This will be my first Powershell post and it’s a doozy. I’m still coming down from the adrenaline high that comes from realizing that systems are down and the clock is ticking.
It all began when I saw an email on my phone about a user not being able to connect to his mapped drives. It’s Friday, I woke up in a good mood, and I scoffed at the email and thought “I’ll have it fixed in 5 minutes.” Little did I know that no one would be able to connect to their mapped drives this morning. So I get into the office and first thing I start doing is testing network connectivity. Can I reach the server by IP? Yes. Can I reach it by it’s name? Yes. What gives!? Can I navigate to it through windows explorer?! YES?! What is going on here? This isn’t going to be a five minute fix at all! Or is it?
The Test-ComputerSecureChannel cmdlet verifies that the channel between the local computer and its domain is working correctly by checking the status of its trust relationships. If a connection fails, you can use the Repair parameter to try to restore it.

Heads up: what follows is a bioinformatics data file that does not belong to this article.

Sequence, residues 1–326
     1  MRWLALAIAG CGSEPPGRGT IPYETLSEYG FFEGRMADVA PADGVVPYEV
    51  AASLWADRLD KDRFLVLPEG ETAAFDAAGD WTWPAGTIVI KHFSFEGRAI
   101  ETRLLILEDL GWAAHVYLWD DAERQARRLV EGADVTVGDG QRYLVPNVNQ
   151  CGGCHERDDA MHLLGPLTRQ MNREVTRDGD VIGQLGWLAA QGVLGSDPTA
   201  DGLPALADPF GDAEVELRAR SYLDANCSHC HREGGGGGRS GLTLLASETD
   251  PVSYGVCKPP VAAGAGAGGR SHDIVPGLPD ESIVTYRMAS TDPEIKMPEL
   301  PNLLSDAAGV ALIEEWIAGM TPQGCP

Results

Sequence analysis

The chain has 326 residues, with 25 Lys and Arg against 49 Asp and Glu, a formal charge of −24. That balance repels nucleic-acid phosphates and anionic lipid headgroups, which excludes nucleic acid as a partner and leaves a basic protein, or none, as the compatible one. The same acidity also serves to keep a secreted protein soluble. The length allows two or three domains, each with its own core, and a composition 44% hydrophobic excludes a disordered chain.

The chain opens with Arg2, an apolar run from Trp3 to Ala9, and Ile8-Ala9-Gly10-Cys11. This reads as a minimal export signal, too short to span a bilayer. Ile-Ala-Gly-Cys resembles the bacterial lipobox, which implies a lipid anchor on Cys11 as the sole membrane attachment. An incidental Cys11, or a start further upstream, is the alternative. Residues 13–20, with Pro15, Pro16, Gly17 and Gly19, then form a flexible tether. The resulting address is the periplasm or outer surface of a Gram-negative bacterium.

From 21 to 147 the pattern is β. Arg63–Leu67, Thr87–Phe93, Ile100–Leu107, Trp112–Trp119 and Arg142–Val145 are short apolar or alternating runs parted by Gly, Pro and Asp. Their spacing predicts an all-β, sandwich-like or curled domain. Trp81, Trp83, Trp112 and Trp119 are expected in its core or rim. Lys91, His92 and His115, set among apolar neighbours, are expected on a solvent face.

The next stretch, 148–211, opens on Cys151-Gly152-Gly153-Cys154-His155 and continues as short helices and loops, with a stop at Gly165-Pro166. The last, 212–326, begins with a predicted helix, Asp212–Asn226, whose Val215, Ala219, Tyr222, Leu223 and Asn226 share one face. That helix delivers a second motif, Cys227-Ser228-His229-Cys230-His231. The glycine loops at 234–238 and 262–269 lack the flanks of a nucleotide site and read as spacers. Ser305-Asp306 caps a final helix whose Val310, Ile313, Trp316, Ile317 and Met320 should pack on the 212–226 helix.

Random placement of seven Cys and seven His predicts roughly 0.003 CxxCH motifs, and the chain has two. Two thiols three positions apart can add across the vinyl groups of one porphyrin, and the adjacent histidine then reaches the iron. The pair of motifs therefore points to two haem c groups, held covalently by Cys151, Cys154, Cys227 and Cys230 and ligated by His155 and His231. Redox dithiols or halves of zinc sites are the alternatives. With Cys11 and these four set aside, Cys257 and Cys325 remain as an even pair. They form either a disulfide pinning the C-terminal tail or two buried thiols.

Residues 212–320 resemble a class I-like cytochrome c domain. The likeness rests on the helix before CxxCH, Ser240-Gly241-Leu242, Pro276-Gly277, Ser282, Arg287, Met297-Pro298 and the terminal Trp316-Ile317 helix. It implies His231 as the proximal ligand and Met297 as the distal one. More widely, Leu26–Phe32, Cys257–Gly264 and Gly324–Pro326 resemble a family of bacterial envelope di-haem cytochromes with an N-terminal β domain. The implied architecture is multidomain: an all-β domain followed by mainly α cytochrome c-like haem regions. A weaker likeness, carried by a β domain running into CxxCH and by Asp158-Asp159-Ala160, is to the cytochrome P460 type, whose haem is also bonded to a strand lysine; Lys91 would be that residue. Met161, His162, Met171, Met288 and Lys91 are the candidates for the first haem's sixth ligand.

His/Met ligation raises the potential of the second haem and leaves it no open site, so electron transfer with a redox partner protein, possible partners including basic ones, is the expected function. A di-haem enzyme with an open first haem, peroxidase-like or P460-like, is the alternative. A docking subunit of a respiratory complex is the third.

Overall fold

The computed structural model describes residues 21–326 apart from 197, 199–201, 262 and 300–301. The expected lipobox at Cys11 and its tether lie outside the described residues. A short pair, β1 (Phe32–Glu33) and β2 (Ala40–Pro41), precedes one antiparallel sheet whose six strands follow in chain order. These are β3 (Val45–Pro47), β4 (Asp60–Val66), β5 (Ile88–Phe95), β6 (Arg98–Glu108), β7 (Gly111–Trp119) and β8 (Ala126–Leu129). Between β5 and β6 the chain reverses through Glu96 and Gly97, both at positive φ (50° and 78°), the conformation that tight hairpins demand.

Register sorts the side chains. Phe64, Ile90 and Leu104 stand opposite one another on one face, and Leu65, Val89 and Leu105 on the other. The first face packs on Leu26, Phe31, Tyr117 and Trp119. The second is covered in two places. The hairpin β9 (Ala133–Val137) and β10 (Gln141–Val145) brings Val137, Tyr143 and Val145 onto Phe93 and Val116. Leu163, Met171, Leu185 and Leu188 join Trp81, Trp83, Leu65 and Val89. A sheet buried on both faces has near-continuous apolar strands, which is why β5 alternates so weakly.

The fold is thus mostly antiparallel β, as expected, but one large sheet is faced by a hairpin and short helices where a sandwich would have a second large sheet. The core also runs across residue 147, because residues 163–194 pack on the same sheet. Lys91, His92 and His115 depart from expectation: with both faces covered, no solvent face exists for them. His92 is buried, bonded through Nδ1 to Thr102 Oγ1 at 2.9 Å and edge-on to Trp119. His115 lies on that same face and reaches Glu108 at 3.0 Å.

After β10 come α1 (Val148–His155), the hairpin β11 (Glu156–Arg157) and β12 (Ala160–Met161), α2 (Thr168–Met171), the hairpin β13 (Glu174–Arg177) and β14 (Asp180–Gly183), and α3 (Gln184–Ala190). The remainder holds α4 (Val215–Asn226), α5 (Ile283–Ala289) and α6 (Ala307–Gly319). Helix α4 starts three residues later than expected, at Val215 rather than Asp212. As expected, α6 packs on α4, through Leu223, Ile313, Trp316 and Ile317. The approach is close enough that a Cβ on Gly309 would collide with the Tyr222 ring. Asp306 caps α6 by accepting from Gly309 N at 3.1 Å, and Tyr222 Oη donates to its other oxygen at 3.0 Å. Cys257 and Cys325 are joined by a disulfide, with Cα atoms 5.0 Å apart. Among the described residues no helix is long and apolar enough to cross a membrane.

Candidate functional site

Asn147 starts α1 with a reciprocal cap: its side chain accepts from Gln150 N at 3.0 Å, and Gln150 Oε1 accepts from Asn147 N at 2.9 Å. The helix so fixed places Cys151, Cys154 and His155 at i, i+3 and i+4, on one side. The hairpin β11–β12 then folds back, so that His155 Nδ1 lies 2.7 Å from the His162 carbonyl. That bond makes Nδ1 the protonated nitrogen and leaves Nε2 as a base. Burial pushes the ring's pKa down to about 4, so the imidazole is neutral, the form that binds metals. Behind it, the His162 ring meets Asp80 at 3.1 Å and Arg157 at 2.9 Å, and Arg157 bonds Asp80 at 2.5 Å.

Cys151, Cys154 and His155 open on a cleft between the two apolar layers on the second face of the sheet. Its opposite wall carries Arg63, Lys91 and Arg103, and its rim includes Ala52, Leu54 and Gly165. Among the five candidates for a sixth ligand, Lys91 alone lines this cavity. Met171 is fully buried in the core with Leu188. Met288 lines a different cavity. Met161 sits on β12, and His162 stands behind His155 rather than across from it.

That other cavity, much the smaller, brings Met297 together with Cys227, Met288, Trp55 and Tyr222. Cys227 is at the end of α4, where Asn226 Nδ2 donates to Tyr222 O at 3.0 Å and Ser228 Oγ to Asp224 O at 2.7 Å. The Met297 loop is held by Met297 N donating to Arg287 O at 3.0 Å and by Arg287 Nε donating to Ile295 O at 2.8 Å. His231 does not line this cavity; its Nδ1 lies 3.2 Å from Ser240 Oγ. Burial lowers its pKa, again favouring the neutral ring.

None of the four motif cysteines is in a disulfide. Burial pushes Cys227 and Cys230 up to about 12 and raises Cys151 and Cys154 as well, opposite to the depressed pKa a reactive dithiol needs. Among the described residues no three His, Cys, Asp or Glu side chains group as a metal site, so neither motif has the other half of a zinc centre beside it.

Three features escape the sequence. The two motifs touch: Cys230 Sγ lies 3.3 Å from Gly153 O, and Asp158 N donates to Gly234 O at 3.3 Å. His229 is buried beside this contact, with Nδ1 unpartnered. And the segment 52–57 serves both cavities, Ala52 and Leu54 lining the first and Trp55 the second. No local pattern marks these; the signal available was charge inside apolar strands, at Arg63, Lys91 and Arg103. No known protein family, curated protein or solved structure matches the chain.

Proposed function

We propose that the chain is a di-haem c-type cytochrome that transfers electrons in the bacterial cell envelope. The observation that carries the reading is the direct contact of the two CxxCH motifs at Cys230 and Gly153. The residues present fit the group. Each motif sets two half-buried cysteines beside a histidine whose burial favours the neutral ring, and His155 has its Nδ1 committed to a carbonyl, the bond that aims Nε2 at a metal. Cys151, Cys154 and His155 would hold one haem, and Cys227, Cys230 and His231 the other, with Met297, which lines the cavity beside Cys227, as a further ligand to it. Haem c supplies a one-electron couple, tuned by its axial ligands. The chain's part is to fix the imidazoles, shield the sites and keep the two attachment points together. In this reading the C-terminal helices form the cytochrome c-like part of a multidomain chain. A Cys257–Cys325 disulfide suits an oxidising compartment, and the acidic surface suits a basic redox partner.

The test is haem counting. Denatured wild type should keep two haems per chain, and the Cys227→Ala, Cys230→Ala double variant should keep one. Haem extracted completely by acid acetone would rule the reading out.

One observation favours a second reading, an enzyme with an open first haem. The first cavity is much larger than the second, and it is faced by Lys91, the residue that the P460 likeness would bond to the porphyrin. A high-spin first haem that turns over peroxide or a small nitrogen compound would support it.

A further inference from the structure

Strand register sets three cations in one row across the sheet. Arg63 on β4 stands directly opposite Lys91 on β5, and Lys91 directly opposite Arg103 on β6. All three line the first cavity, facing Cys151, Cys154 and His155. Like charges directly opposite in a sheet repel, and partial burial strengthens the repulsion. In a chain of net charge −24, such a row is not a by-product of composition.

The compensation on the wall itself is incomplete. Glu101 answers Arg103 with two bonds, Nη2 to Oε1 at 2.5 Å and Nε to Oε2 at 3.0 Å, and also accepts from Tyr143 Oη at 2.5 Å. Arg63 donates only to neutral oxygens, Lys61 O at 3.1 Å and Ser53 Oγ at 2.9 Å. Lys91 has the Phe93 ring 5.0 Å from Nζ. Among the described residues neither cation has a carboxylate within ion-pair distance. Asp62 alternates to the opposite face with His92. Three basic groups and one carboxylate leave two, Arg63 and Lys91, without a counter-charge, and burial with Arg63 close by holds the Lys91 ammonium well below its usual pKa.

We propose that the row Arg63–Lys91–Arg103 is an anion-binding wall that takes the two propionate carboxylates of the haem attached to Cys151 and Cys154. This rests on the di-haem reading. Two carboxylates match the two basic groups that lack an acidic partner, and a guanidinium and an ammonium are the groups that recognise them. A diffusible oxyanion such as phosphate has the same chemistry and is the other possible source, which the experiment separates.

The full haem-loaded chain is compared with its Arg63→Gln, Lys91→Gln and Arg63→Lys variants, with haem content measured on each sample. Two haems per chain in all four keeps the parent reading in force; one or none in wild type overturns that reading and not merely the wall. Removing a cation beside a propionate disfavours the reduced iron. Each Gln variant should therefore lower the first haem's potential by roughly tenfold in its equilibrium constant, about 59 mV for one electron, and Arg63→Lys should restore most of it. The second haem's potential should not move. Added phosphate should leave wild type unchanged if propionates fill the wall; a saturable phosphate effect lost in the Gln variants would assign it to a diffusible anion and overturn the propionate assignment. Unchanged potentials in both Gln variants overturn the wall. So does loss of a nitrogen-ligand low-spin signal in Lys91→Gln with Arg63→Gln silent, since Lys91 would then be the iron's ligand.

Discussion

This Cmdlet was how I was able to identify where the problem was. If you were paying attention, though, this wasn’t related to a single user, but everyone! After a bunch of different checks and theories I ran the cmdlet on my file server and sure enough, it came back false. By this time I was exhausted from jumping to crazy conclusions (Domain controller authentication being shot something is corrupted somehow, somewhere.) and it was lunch time for my userbase. I rebooted the server and everything was fine.
Deciding to learn Powershell continues to prove incredibly useful and I’m glad I’m doing it. In my next posts I’ll be more technical, but I was having trouble deciding how I’d start. I figured an example of me freaking out and identifying my problem with Powershell was as good a start as any.